Keratosis pilaris black skin can be prevented by moisturizing your skin and avoiding harsh soaps that dry it out. Additionally, talk to your healthcare provider about medications that help remove dead skin cells.
Topical exfoliants that contain alpha hydroxy acid, lactic acid, salicylic acid or urea can help improve your keratosis pilaris by exfoliating away dead skin cells. You can use these products daily for maximum benefit and reduced bump visibility.
Westbay suggests applying a moisturizer with ingredients like ceramides and hyaluronic acid can improve skin hydration. She emphasizes the importance of selecting an oil-free moisturizer for best results.
Your dermatologist may suggest other medicines, such as retinoids that prevent hair follicles from getting blocked. Examples include tretinoin (Atralin, Renova and Retin-A), adapalene and tazarotene which may also prevent new keratosis pilaris from developing.
What is the Fastest Way to Eliminate Keratosis Pilaris?
If you have this skin condition, there are several steps you can take to improve its appearance. Exfoliating helps remove dead cells and keeps pores clear.
Topical exfoliators containing alpha hydroxy acids such as glycolic acid and lactic acid, or salicylic acid plus urea can be used to gently remove dead skin cells. You could also apply creams that contain antioxidants like retinol (Avita, Altreno, Renova and Retin-A) or tretinoin (Atralin, Avage and Tazorac).
If you suffer from dry skin, using a humidifier in your bedroom may help alleviate symptoms of keratosis pilaris. This will add moisture to the air and reduce patchiness on the surface of the skin, helping alleviate symptoms associated with this condition.
Eating a nutritious diet that includes fruits, vegetables and omega-3 fatty acids can be beneficial for those suffering from keratosis pilaris.
These foods supply essential vitamins and minerals necessary for proper skin cell growth, healing of lesions and hydration of your skin.
Keratosis pilaris diet should include plenty of anti-inflammatory food, like beets, green leafy veggies and berries. Additionally, these items can be infused with oils and herbs that reduce bump appearance.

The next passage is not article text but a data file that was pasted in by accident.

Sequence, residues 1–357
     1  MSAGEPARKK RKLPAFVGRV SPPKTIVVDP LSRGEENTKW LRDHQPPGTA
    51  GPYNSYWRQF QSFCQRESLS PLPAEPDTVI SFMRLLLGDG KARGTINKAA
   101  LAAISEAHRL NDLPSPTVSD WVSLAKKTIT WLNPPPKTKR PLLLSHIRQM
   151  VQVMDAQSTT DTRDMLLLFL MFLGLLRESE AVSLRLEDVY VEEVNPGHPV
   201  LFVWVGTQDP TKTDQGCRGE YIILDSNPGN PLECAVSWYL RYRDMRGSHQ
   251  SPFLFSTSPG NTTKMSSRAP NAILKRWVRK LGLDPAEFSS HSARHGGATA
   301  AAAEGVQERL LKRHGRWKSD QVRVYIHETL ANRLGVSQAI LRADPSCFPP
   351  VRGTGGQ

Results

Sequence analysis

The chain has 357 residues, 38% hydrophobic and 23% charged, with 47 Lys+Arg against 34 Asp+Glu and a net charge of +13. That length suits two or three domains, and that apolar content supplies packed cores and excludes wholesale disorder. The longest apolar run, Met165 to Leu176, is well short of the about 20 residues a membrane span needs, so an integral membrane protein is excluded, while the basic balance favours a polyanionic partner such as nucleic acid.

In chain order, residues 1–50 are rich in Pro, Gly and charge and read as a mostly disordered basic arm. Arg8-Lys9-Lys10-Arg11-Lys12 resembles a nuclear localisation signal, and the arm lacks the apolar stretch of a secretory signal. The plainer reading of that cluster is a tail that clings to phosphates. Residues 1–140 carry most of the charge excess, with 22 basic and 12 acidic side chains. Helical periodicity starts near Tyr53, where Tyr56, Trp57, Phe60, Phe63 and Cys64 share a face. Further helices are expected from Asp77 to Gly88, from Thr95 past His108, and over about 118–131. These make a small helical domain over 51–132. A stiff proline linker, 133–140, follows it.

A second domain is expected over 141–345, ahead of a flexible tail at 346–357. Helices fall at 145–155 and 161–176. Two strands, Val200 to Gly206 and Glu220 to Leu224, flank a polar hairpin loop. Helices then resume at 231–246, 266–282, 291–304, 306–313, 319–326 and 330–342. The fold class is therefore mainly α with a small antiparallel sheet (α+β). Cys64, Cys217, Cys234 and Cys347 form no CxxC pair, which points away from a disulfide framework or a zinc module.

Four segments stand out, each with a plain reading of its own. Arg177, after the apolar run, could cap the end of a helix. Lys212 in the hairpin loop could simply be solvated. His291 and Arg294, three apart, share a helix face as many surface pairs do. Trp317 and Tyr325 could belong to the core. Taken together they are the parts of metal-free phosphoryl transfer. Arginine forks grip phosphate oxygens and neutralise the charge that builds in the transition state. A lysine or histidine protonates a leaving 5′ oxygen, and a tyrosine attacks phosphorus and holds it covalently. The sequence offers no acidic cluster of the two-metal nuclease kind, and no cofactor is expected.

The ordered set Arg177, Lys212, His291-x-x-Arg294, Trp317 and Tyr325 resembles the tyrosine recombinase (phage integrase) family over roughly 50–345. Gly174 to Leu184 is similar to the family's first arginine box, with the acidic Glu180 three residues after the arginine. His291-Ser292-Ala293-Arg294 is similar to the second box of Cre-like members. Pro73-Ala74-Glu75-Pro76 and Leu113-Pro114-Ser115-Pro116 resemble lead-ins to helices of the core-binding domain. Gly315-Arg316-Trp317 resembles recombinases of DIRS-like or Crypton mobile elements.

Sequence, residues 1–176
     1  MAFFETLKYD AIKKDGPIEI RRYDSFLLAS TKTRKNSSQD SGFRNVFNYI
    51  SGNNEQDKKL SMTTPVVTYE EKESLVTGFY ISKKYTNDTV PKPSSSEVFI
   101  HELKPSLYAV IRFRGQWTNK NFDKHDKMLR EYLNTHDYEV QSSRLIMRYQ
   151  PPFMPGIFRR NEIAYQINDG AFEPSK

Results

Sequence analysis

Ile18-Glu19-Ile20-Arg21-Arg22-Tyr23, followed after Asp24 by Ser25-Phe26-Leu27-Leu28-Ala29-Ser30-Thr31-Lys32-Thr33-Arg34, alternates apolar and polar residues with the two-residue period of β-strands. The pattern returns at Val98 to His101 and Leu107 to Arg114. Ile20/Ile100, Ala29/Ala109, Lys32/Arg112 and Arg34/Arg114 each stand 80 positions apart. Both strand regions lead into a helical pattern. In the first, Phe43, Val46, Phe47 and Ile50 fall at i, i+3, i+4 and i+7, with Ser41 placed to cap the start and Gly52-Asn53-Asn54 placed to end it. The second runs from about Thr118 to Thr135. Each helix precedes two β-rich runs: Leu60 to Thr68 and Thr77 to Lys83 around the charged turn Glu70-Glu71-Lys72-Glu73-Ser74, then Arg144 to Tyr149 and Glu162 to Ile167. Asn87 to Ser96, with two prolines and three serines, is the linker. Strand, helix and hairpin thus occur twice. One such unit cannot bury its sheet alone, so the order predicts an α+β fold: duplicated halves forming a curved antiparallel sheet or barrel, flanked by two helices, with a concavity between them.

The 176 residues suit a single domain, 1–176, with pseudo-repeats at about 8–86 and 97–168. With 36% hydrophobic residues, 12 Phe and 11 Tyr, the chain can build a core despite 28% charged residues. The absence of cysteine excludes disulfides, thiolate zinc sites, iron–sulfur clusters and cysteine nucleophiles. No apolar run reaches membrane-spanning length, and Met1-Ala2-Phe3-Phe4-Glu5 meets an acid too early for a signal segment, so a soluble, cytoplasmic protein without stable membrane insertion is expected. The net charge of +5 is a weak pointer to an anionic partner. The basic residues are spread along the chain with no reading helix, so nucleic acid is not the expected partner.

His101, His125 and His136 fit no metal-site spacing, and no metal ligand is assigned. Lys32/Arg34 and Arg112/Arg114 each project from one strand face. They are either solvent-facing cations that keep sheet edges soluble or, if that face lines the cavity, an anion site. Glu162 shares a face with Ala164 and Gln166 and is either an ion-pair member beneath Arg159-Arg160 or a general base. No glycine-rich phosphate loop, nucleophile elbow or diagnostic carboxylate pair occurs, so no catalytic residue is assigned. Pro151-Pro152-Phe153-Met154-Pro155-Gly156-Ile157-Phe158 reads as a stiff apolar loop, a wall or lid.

Keratosis pilaris can be treated with creams that promote cell turnover and keep your hair follicles clear of dead skin cells. These typically come from vitamin A-containing products, like tretinoin (Atralin, Renova, Retin-A), as well as tazarotene (Avage and Tazorac).
Keratosis pilaris can affect people differently; some cases don’t require treatment at all while others do. People with dry skin or atopic dermatitis (an itchy type of skin condition) are particularly prone to developing this issue.
When To See A Doctor for KP?
Some doctors suggest using exfoliating lotions, cleansers and scrubs that contain ingredients such as lactic acid, urea or alpha hydroxy acids to help remove the buildup of keratin in pores. These should be sprayed or applied onto affected skin several times daily and massaged in gently.
If the keratosis pilaris does not improve with these treatments, you may want to discuss with your doctor about prescription-strength moisturizers that contain hyaluronic acid and glycerin.
Keratosis pilaris can sometimes be improved with medicated vitamin A creams such as Retin-A. However, these creams tend to dry out the skin and cause irritation; thus they should not be used on children.
For a more natural approach, you can try using an oil-based cleanser such as AmLactin Lotion that contains ammonium lactate and jojoba wax beads to gently exfoliate skin.
You could also try using tan colored body wash formulated with jojoba oil and other beneficial plant oils to hydrate skin.